L.M.P., on behalf of E.P., D.P., and K.P., minors, Plaintiffs-Appellants,
SCHOOL BOARD OF BROWARD COUNTY, FLORIDA, INDIVIDUAL DEFENDANTS, et al., Defendants-Appellees. C.C. and P.C., on behalf of A.C., a minor, and on behalf of allother similarly situated disabled children, Plaintiffs-Appellants,
SCHOOL BOARD OF BROWARD COUNTY, et al., Defendants-Appellees.
from the United States District Court for the Southern
District of Florida Nos. 0:05-cv-60845-KAM 0:10-cv-60032-KAM
WILSON and ROSENBAUM, Circuit Judges, and TITUS, [*] District Judge.
Individuals with Disabilities Education Act
("IDEA") case comes before this Court after a
twelve-year battle by two sets of parents on behalf of their
children to receive the specific therapy they believed their
children deserved. Beginning in 2005, Appellant L.M.P., a
mother of triplets acting individually and on her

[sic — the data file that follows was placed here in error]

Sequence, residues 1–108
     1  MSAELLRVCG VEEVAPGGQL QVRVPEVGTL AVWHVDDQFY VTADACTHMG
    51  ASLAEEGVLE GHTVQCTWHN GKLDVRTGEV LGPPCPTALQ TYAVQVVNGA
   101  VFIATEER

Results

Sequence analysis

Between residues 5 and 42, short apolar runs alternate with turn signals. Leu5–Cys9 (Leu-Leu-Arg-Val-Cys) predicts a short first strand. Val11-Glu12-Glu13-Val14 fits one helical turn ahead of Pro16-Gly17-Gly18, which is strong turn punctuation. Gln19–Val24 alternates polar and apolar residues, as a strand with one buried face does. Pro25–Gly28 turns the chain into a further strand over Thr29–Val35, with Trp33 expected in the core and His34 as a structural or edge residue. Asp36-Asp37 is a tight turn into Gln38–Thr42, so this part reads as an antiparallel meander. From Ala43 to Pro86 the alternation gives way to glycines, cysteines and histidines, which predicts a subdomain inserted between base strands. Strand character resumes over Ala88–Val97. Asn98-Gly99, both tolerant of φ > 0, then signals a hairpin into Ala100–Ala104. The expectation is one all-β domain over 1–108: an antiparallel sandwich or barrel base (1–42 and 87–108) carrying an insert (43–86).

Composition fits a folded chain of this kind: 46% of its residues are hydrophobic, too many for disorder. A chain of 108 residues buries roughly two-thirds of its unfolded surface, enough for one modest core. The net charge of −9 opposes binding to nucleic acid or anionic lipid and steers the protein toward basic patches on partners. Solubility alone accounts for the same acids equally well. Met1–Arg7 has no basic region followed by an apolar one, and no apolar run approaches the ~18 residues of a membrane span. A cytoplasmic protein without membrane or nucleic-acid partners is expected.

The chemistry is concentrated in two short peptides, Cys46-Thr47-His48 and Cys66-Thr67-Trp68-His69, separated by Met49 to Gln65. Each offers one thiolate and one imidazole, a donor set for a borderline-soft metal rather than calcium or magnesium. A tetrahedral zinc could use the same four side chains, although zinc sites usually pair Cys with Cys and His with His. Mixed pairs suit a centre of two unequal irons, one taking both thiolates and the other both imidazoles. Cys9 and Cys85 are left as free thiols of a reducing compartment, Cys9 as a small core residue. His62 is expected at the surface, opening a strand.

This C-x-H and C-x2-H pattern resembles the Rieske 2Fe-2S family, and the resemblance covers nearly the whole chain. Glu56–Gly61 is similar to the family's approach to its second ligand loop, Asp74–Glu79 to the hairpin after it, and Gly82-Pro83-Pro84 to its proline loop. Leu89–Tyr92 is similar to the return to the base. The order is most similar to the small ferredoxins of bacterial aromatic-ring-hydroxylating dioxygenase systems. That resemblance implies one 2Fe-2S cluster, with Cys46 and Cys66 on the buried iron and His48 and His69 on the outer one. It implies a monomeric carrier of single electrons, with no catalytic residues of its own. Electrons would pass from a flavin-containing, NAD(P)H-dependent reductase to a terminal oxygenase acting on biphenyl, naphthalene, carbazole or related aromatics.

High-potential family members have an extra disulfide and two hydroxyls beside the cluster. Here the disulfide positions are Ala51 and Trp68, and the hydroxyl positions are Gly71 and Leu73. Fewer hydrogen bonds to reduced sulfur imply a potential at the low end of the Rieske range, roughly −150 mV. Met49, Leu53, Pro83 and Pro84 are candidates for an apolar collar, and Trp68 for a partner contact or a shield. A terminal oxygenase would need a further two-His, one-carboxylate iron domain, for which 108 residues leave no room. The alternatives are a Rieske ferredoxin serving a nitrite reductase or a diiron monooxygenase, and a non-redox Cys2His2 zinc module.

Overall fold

children's behalf, sought the aid of the courts to force
Appellee School Board of Broward County ("School
Board") to include one-on-one Applied Behavioral
Analysis ("ABA") therapy in each child's
Individual Education Plan ("IEP"). Appellants C.C.
and C.P., parents acting individually and on their
child's behalf, intervened in those efforts to try to
achieve the same therapy for their child. Appellants allege
that the School Board's refusal to include the desired
therapy in the children's IEPs reflects its predetermined
policy of never including any ABA-based method or strategy in
a child's IEP, in violation of the IDEA, 20 U.S.C.
§§ 1400-1482. But as much as Appellants want to
overturn their children's original IEPs based on
impermissible predetermination, they do not have standing to
challenge the policy that they allege exists. While they
argue to the contrary, an ABA-based therapy was, in fact,
included in their children's IEPs, albeit not the
specific one that they desired, thus defeating their standing
to challenge an alleged policy that was not applied to them.
Court will explain how it reached this conclusion through
exploration of what ABA is and how it fits into the IDEA
Applied Behavioral Analysis
an applied science whose purpose is to produce socially
significant changes in behavior. D.E. 549 at 2-3. ABA is not
a method of instruction or method of teaching. Id.
at 2. Rather, it is a broad umbrella under which numerous
intervention strategies fall. Id. There is no